The itch to switch is still not easily scratched
Here we go again - another bank switching package from Wayne Swan. Has Swan got it right this time? Well, yes and no.
There’s no doubt that Wayne Swan’s recent announcement that bank customers will be allowed to sign a single form to switch banks is well overdue. In reality, Swan could and should have pursued the “one form” approach back in 2008 as we all suspected that bank switching can be as simple as filling in just one form.
Should we be excited about Swan’s latest bank switching package? Well, not just yet. Any excitement needs to be tempered by doubts as to whether the latest reforms are to be extended to small business customers.
Swan’s public statements only refer to consumers having the immediate benefit of the new streamlined switching process. Clearly, small businesses should be immediately included and will obviously be disappointed that they have not been included upfront.
The numerous practical challenges of switching financial institutions are not limited to your traditional consumer. Small businesses also want to switch financial institutions from time to time.
We all know that switching banks can be a real pain given that customers need to methodically change any automatic debit and credit transactions linked to the account the customer wants to move to another financial institution.
The time-consuming nature of switching financial institutions will obviously deter all customers from switching institutions and that, in turn, deters competition as customers are more likely to stay with their existing financial institution.
Financial institutions will know this and can play games with customers. These games can include financial institutions acting opportunistically to raise fees on certain accounts or not being as aggressive as they could be on interest rates. Yes, some interest rates on home loans may be coming down slightly but they could come down a whole lot more now that the cost of funding pressures on financial institutions are starting to ease.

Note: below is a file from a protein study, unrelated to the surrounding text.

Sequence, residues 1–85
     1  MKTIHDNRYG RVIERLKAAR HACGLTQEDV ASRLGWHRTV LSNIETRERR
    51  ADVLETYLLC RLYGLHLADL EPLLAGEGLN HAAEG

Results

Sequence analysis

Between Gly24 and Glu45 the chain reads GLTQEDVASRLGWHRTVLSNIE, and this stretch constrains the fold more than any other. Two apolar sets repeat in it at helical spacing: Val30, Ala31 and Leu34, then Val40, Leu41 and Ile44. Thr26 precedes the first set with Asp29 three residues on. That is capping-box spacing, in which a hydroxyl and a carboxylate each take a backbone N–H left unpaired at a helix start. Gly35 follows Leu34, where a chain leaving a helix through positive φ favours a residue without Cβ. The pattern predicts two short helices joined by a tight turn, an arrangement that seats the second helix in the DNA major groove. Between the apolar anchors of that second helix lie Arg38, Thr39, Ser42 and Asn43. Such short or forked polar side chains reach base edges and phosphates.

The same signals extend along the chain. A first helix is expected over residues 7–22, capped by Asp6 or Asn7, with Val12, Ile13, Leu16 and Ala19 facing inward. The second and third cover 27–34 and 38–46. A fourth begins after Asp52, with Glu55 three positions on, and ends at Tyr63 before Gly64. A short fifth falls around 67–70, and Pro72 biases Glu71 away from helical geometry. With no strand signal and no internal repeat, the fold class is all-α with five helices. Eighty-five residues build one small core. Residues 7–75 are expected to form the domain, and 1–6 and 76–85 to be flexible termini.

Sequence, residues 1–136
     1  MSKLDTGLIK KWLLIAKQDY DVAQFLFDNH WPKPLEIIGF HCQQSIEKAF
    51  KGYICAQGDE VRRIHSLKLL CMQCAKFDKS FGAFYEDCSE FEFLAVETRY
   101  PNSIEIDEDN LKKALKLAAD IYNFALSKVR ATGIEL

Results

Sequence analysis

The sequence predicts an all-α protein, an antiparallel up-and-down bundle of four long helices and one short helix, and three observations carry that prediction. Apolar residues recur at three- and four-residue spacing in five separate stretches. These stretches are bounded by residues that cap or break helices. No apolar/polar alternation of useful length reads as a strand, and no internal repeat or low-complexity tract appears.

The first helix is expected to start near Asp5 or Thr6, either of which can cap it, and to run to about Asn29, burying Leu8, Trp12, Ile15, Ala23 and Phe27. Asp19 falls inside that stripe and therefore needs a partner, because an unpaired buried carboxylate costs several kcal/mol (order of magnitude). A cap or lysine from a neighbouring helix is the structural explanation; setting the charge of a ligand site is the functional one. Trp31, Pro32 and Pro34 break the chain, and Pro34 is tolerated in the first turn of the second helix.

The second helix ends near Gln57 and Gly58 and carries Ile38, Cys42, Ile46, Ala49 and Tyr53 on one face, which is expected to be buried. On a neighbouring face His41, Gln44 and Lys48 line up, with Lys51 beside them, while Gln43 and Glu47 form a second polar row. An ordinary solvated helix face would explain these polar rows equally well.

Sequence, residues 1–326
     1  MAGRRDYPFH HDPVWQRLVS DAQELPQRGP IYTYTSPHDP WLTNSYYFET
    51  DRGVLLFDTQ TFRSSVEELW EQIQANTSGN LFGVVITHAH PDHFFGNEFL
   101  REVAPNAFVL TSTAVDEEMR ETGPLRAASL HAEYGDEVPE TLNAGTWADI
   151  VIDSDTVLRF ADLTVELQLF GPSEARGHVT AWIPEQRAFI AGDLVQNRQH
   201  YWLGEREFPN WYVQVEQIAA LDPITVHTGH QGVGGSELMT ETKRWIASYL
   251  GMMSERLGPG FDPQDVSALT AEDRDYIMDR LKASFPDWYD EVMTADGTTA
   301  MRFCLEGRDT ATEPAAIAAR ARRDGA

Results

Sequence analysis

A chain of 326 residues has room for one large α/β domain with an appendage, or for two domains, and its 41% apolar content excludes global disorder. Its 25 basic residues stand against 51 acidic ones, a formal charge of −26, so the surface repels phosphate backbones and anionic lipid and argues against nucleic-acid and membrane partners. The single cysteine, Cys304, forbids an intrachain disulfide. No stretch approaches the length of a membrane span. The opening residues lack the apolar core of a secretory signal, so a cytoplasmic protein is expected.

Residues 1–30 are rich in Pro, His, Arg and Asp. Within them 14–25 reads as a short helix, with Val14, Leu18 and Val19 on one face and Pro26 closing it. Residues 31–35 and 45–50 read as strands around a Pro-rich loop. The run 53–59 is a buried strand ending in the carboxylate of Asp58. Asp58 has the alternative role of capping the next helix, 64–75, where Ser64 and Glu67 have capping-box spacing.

As the four major banks continue to increase their market dominance, it’s hardly surprising that the net interest margins of the four major banks are healthy and in some cases actually growing. That’s why it’s important that Swan moves quickly to allow all customers to switch financial institutions as easily as filling in one form.
Anyone interested in having a truly competitive banking sector will recall that the net interest margins of the four major banks had been put under a great deal of sustained pressure by the likes of Aussie Home Loans, RAMS, Wizard and even St George before Swan and the ACCC made the mistake of letting it be taken over by Westpac.
Net interest margins are an excellent measure of the intensity of competition in the banking sector. It’s really quite simple. A fall in net interest margins points to increasingly intense competition, while a jump in net interest margins points to less intense competition. It’s the actual intensity of competition in a market that’s critical rather the mere appearance of competition.